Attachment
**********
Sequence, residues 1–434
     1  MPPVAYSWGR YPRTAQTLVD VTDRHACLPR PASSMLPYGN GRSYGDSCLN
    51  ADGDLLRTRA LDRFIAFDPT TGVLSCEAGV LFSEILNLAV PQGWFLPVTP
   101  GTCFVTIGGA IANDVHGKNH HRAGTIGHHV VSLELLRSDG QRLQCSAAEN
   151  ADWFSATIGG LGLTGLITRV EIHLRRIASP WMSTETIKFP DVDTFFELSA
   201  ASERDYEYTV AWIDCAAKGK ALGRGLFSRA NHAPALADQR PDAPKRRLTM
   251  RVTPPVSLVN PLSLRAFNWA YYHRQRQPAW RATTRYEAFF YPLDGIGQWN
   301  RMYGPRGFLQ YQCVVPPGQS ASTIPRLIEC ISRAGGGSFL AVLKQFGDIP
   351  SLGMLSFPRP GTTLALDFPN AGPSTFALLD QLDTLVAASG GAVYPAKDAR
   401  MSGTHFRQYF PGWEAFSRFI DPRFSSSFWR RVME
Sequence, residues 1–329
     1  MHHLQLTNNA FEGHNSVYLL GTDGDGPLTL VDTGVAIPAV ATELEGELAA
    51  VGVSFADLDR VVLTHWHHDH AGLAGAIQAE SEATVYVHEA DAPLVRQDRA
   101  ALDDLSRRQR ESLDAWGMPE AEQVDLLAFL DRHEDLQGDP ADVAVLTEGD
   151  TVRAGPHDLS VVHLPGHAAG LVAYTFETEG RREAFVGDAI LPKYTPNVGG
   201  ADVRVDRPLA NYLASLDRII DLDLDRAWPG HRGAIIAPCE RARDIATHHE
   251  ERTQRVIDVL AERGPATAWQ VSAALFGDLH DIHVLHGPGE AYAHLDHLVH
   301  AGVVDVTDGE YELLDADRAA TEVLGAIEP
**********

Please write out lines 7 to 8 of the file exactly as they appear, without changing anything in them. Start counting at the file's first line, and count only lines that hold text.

   251  RVTPPVSLVN PLSLRAFNWA YYHRQRQPAW RATTRYEAFF YPLDGIGQWN
   301  RMYGPRGFLQ YQCVVPPGQS ASTIPRLIEC ISRAGGGSFL AVLKQFGDIP